3) Limits: Paula had a belief that she was not able to set limits for herself, that having limits made her feel deprived. This is where the strongest inner conflict for Paula lies, and changing this is where Leslie's work is most covert. Leslie finds areas in Paula's life where she does in fact set limits, such as in remaining within a financial budget, being a moderate drinker, and having been in a monogamous relationship. After a long discussion on spending money, Leslie then asks ``So what's the difference between how you feel about [setting limits for] food and [for] spending money?'' and Paula answers ``They seem remarkably alike now.'' The crucial thing is that Leslie's gentle questioning has led Paula to make this comparison for herself. A more forceful approach, such as ``So why can't you do the same thing with choosing food that you do with spending money?'' would have verged on the futile ``Aren't you ashamed of yourself?'' approach.
4) Future testing: The essence of a sensible approach to eating is that one's decision on how much and what to eat be based on consideration of the future rather than the present moment. In Leslie's words, ``The internal representation of the future needs to be more compelling than the present temptation.'' For Paula, the future has been much less compelling than the present. (``I've always said that my future isn't really real to me.'') Leslie makes Paula's future more real by utilizing a specific positive upcoming event: her graduation from college a year hence.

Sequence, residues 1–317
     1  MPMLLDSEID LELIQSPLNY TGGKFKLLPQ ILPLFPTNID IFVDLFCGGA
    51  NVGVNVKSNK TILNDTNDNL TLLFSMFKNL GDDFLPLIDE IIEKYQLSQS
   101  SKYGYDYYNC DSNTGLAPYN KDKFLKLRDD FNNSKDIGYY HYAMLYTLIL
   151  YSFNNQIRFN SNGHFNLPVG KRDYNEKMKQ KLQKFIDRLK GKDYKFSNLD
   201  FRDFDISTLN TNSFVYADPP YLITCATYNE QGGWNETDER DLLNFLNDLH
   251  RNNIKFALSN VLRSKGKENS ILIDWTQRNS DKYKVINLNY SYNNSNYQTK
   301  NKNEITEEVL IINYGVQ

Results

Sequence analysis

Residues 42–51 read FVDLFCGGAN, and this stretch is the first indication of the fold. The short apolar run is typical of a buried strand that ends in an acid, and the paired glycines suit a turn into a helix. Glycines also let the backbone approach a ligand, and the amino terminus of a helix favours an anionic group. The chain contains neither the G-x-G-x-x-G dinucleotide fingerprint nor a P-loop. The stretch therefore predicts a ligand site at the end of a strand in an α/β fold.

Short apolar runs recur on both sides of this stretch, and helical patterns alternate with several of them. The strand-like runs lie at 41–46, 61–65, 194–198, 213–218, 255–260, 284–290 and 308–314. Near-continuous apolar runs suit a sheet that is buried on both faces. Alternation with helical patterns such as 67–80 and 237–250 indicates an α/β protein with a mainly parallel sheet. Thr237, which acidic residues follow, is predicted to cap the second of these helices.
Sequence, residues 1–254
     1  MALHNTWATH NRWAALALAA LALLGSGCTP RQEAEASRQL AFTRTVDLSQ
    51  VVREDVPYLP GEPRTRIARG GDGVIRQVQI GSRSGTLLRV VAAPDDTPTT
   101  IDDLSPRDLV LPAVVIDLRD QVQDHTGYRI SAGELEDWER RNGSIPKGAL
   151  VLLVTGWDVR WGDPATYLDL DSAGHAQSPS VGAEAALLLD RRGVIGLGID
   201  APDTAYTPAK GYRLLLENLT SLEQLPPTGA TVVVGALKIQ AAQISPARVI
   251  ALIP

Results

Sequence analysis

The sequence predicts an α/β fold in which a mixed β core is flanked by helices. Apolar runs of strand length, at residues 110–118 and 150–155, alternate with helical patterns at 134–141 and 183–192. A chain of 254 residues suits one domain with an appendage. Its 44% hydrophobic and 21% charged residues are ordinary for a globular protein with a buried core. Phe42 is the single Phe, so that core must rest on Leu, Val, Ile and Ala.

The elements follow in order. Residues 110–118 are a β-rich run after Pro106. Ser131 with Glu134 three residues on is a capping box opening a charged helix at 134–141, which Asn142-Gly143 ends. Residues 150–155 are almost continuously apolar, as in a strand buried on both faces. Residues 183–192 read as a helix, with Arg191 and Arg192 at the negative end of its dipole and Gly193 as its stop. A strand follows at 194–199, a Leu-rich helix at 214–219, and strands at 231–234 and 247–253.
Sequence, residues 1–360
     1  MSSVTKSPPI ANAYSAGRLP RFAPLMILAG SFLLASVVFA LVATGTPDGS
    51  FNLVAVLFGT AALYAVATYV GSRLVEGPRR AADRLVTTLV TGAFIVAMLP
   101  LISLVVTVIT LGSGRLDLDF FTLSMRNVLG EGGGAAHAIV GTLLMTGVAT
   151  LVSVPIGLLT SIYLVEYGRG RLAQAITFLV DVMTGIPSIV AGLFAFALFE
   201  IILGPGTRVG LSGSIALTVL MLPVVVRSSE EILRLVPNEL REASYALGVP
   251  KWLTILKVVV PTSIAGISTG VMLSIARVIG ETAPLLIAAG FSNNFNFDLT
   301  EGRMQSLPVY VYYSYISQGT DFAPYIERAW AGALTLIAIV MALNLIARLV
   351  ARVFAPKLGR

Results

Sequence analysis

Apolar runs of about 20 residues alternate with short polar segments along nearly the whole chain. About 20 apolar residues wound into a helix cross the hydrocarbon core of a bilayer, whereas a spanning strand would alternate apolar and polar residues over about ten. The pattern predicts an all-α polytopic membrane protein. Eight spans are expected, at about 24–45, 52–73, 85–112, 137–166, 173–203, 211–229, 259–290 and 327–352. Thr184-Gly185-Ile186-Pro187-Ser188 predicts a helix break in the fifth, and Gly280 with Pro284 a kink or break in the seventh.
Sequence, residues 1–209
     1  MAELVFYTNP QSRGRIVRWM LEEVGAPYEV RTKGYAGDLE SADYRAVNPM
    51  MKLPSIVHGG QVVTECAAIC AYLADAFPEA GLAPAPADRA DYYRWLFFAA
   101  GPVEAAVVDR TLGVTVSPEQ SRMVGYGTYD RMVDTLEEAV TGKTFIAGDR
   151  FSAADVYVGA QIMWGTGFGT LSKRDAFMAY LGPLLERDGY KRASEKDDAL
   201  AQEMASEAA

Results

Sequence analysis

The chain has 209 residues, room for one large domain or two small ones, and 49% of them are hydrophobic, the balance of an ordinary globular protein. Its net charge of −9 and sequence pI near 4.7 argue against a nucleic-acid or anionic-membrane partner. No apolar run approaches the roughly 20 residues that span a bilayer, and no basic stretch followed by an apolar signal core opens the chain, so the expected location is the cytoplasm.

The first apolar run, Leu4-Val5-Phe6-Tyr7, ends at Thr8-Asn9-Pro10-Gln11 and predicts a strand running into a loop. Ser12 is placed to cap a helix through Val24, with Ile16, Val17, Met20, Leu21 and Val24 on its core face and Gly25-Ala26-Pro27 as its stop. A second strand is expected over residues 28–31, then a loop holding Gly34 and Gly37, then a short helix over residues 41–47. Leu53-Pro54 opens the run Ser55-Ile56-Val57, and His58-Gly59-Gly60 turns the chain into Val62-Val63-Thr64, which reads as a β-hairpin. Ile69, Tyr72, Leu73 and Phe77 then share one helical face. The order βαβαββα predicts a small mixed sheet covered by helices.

5) Any secondary gain ``ecologically'' taken care of: In the past, Paula has used being overweight as a protection against unwanted sexual advances. Leslie verifies that this is no longer a problem. In response to further questionning as to what Paula would have to lose by obtaining her desired weight, she identifies a certain desirable sense of irresponsibility and sponaneity. Leslie then uses the analogy with spending money to show her that she can keep these qualities while still remaining within a caloric budget. (Leslie works from the basis of Paula's own criteria, rather than the more heavy-handed approach of saying, for instance, ``Is that feeling of irresponsibility really worth being fat?'' In NLP one always tries to add to the client's world, rather than taking things away from the client.)
6) Motivation: When Paula says she wants to lose weight, Leslie asks, ``What do you want that for?'' (a canonical NLP question). Paula says, among other things, that having her exterior be an appropriate representation of who she feels she is on the inside would enable her to take herself more seriously. This is very valuable leverage, and throughout the session Leslie keeps making equivalences between desired behaviors and Paula's taking herself seriously.
(This concept of using the client's own values as motivators seems to be quite foreign to many traditionally trained counselors and therapists. Their concept of motivation is to hit the client over the head with the counselor's own values, saying things like: ``Studies have shown that overweight leads to dramatically increased risk of heart attack, etc.'' It totally amazes me how seldom a counselor will ask a client such a simple question as ``What would losing weight do for you?'')